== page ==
I'm also going to completely hack the cabinet to make room for the sump. No big deal- I'm sure I can do this in a way that will hold all the weight.
    Have a great Holiday, everybody!
     
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  10. DWhatley

    DWhatley Cthulhu Staff Member Moderator

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    Most wooden cabinets can be modified with creative thinking. If you remove any vertical bracing, be sure to add a joist type horizontal replacement. If it has a back, you will want to cut a hole for the plumbing AND it will need to sit out from the wall about 6 inches. You can set the unit closer to the wall if you use a side exit but typically this is a bad esthetic choice if not designed from the get go.

    Plan on 2 out flow bulkheads. Over time they will build up a bit of sludge and slow down. Additionally, snails and other debris will find there way temporarily into the exit points. With two, each taking the flow of your pump, you will eliminate any possibility of overflow as well as have better filtration.

    Consider getting a ground faulted outlet plug and be sure your holes will not allow splash onto the outlet. Placing your power strip, although convenient, inside the cabinet is a BAD idea so think about attaching it to the back (or side if it won't show) but be sure you have good access. Access and ease of maintenance need to be included in your planning. It will make SOOOO much difference in your enjoyment of the tank later. Anything that is hard to get to is a niggle at first but quickly grows into a PITA.
     
  11. cuttlegirl

    cuttlegirl Colossal Squid Supporter Registered

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    I wouldn't just consider a ground faulted outlet plug, I think it is necessary... I've experienced the "refreshing" feeling of electricity entering and exiting my body a few too many times... :bonk: Plus, I once had a fire start that probably would have been prevented with a grounded the outlet. Probably shouldn't have had an outdoor tank, but that's another story...
     
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  12. DWhatley

    DWhatley Cthulhu Staff Member Moderator

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    +1 on the fire and I was holding the surge protector when it caught.
     
  13. Windsbro

    Windsbro Pygmy Octopus Registered

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    Duly noted. Going to put in a gfi for sure.
    The sides are definitely not tempered so I'm good to drill, and have been playing around with some layouts. Will also be going with dual out flows. Tossed around the idea of a skimmer bar but from what I've read they are somewhat inconsistent with their flow. Going to keep looking looking around...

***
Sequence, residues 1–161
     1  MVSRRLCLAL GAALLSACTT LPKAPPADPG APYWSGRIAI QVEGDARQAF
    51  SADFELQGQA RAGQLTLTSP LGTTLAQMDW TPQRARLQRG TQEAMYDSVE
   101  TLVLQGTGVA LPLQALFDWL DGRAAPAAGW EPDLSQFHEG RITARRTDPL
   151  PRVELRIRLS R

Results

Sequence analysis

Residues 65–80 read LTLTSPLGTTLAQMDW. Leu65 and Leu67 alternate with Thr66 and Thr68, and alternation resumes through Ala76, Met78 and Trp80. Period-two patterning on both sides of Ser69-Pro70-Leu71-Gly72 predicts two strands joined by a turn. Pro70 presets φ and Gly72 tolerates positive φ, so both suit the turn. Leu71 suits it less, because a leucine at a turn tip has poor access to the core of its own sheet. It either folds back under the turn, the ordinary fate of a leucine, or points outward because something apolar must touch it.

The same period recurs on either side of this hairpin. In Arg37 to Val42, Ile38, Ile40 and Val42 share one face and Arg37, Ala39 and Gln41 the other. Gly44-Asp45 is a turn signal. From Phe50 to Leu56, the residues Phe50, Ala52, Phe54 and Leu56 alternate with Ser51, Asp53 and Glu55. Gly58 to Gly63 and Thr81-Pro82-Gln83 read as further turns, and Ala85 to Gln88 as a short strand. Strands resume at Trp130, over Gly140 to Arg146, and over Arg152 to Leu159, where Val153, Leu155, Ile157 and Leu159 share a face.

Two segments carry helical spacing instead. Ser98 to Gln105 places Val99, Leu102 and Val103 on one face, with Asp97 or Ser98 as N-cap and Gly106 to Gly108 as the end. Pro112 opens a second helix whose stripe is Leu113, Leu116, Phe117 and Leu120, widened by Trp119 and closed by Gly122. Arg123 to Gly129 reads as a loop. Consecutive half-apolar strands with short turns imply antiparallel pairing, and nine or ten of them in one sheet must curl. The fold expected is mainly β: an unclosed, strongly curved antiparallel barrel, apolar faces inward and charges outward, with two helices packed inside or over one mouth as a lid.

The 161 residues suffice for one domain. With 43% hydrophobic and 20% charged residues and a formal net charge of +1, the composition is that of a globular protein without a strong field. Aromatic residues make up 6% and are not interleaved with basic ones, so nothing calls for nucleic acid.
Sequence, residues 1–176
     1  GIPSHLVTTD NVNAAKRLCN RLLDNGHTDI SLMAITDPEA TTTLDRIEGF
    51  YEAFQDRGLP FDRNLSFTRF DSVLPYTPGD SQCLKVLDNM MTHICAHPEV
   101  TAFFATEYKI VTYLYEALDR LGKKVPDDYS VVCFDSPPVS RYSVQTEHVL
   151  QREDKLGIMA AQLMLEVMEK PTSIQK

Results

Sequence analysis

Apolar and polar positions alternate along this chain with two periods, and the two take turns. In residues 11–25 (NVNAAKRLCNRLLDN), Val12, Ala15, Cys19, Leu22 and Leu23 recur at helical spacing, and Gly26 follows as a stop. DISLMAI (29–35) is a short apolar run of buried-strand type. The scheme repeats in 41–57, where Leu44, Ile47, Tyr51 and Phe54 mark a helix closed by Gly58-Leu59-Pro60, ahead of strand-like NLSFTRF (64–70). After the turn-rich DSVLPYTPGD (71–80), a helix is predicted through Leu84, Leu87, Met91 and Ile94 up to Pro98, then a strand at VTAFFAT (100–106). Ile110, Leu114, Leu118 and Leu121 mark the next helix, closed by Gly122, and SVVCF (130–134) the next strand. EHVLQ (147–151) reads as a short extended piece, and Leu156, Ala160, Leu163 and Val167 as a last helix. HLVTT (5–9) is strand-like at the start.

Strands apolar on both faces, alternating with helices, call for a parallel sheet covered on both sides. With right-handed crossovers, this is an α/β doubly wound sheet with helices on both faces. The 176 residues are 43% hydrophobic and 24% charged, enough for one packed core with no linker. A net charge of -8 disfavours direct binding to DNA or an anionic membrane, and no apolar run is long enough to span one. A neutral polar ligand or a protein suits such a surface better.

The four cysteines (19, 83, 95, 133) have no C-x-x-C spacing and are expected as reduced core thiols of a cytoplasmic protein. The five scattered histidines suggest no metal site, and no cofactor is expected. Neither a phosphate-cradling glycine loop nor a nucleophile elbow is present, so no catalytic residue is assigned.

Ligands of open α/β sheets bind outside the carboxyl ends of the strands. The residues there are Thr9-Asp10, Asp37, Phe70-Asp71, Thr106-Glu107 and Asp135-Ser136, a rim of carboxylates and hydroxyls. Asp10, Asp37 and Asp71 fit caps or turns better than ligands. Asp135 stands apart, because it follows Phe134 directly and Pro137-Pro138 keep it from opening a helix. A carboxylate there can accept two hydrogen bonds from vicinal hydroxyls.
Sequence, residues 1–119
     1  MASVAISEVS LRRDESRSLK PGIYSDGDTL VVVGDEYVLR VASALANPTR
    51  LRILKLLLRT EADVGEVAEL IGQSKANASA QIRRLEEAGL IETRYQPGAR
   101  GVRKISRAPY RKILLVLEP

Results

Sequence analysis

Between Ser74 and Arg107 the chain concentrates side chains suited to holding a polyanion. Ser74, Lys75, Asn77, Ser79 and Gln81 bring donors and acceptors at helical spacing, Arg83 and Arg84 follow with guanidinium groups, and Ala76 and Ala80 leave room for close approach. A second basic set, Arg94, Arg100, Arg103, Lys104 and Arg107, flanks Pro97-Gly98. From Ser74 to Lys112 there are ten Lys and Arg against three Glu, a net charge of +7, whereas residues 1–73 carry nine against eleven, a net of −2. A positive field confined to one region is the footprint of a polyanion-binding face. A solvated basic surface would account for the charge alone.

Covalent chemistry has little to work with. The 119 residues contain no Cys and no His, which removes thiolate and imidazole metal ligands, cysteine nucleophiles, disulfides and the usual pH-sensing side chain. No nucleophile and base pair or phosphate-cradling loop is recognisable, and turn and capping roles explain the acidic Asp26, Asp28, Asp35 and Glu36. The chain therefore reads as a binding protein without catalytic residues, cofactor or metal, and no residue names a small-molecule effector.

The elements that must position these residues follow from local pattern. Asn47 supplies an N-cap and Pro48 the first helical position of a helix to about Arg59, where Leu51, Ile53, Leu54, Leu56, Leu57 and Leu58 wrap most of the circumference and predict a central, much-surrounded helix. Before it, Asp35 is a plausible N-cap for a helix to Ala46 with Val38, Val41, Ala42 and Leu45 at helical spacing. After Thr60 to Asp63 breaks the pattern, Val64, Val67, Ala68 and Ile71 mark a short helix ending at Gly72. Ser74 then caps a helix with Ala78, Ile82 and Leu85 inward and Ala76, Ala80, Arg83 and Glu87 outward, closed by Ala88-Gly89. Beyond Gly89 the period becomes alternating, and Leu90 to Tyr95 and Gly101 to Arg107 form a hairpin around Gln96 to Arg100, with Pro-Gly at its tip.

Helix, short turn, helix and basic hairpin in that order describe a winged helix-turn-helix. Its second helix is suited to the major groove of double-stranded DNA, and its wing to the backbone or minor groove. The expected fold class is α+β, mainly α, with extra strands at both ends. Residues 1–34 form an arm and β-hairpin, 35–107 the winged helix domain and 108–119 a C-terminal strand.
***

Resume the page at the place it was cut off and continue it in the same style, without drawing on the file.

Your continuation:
I also found a cheap 20 gallon that will work as a sump. I had some glass handy so I've already cut the baffles, but still need to purchase the tank lol. I'm going to hack the cabinet to make room this weekend; shore up the sides and expand the depth another 6 inches and keep the entire unit 6 inches from the wall. After the alteration I will have nice, easy access down there.
    Will post some drawings soon and would love some feedback when I do. Tonmo rules.
     
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  14. cuttlegirl

    cuttlegirl Colossal Squid Supporter Registered

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    When I had a temperate tank, I used AquaLogic chillers. http://www.aqualogicinc.com/water-chillers.htm I used plural, because I had a back up chiller - my tank was outside (under a shade) in Long Beach, California - whenever the chiller failed, it was always the middle of the summer, Friday afternoon at 4:55 pm... The company has great customer service, but they have to be open to help you... You probably won't need a back up chiller, I also kept blue ice in the freezer that I could pop in ziploc bags to float in the tank if I needed.

    I don't think you would need a UV sterilizer for your tank.
     
  15. DWhatley

    DWhatley Cthulhu Staff Member Moderator

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    I keep frozen RO/DI bottled water in the freezer for power failures in the summer. Some years they get a lot of use, others none at all. They work minimally for a warm water tank but it would be pushing it for a cold water environment even in a cooler part of the country. I do have problems with my son sealing them when he goes running but the bottles can be refilled and frozen from my RO/DI unit so it is not really a major battle as long as he does not destroy the bottles.

    As CG mentions, UV sterilization is not required and there are a few anecdotal concerns that suggest it may have a negative side. Octopuses (and cephs in general) do not carry the normal fish parasites and those that they do carry inhabit the gills or internal organs and can't be found on the live animal.

    Sounds like you are having fun :thumbsup:
     
    Last edited: Dec 2, 2013